But wait—how can we reconcile this kind of division with what Paul writes to the Church in Corinth? Are we not to be united in the same mind and purpose? Does this not mean Christians should not divide themselves into factions and denominations?

But unity is not the same as homogeneity, or sameness. Is notable that the Apostle describes the dispute as if the Corinthians are identifying with different Christian leaders, including himself and St. Peter (here called Cephas). Whether or not this is the real cause of the Corinthian’s dispute, Paul here is cleverly reminding us of the relationships that existed between the first Christian evangelists. Even during the early church, those going forth to preach the Gospel would have had their own interpretations of Jesus’ life and ministry. It is only natural that those Christians baptized and taught by different individuals would express similarly diverse views.  

Famously, Peter and Paul differed over the status of the gentiles. While Peter is described as being more interested in converting Jews, Paul was more cosmopolitan in his mission. He emphasized that Christ died on behalf of all, and that grace could be received by anyone regardless of culture, ethnicity and language; To him, there was neither Jew nor Greek. Given this attitude, it’s natural that he would be against factional divisions.

But just because Paul cautions us against disagreement doesn’t mean we can’t have strong differences of opinion. Christians come from all walks of life and cultures, and this is something that the apostle affirmed. What Paul refused to do is allow such disagreements to get in the way of what was important—that is, the divine love incarnated and offered through Jesus Christ, our light and salvation. The Corinthians’ disputes were overshadowing this key Truth. For Paul, we are baptized in Christ’s name, not in the name of Peter, Paul or Apollos. Not in the name of John Wesley or John Calvin, Pope Benedict or Pope Francis. We are different denominations, but we are all baptized into one Christian community.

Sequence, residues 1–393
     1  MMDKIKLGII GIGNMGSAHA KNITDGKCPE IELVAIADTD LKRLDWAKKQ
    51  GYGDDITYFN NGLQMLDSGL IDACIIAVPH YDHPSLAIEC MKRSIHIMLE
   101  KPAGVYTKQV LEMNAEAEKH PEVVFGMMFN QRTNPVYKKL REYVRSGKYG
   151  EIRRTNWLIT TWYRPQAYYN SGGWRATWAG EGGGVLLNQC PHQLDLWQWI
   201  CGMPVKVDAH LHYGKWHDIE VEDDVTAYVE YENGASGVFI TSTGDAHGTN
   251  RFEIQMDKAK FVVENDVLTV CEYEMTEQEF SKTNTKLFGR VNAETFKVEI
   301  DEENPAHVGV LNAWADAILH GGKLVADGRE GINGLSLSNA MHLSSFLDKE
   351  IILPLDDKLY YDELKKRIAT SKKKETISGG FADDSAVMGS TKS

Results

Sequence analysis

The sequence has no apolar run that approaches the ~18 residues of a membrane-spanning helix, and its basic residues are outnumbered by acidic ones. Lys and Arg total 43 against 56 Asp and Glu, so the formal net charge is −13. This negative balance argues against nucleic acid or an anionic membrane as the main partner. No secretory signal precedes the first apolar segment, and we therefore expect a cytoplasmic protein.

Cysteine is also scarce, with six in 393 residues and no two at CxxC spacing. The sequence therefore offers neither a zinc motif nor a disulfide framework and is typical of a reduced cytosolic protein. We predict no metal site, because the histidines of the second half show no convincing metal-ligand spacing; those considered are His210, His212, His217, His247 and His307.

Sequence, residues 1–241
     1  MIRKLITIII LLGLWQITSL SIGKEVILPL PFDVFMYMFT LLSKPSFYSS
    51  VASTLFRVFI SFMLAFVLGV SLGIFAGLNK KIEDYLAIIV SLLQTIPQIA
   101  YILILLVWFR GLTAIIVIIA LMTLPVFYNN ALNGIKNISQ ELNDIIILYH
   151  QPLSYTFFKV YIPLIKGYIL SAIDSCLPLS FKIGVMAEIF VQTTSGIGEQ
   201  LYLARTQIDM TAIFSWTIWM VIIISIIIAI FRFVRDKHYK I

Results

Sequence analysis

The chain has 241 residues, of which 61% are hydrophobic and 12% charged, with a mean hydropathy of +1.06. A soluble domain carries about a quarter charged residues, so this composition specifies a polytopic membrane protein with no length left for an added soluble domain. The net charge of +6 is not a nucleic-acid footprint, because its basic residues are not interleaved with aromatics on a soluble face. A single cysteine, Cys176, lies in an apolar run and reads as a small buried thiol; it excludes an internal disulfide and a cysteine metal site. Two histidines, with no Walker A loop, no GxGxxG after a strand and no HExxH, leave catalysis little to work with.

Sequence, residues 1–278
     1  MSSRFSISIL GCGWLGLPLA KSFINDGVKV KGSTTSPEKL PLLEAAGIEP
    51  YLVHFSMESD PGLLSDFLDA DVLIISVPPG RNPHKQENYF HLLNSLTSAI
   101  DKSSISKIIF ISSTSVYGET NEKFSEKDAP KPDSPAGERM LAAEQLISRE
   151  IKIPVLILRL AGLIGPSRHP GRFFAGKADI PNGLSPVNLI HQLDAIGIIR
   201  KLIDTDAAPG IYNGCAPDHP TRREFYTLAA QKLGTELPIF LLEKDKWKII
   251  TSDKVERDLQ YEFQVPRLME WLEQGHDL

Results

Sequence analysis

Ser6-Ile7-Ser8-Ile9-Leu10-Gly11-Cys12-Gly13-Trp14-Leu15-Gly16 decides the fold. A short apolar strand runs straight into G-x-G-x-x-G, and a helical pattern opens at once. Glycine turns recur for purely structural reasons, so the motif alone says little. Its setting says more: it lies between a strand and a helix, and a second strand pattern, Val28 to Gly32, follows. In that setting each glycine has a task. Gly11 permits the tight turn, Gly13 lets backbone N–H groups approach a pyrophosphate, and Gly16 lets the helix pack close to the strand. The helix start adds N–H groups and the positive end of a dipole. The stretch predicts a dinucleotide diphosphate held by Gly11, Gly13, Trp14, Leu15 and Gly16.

The difficulty for Christians is distinguishing between those divisions that weaken us, and the differences that can actually strengthen us. From Paul’s perspective, the differences of belief and practice had become so divisive in the Corinthian church that they threatened to weaken and destroy it. This is something a young Christian community, part of a minority religion, could not afford. But today our religion faces no such problem. Diversity of mind and practice is our strength not our weakness, and disagreement is not a problem…unless we lose focus on Christ. That is our only existential threat.

My church lost focus on what was important. We wanted to stay united as an organization, but that came at the cost of being disunited as Christians. Together we spent years, decades even, fighting over something important, but that something that was only part of the bigger picture.

 Splitting certainly won’t be easy. As a child of divorce I know that, while sometimes it is best to separate, it is an incredibly difficult adjustment. Pastors and congregations will have to make the difficult decision of whether to stay in the UMC or not. It’s likely that my hometown church will vote to leave. My hope is that this grief can be part of a healing process, that we can learn to work better together as separate communities that still share one communion. This is how it is between most Protestant communities, including this one. And of course, I hope that eventually the other side will become more open about sexual orientation and we can potentially come back together, just as the Northern and Southern Methodist churches eventually did.

While this issue has been a personal one for me, and not likely to impact our community here, it is an experience that carries universal meaning. We have to be careful that when we fight for unity, we are not pushing a false unity that suppresses diverse opinions or, worse, doesn’t allow anyone to express any opinion at all! Even if our disputes lead to political separation, if they allow us to work together to pursue God’s love and justice in the world, then we are still united in following the same Christ. To quote Wesley: though we cannot think alike, can we not love alike?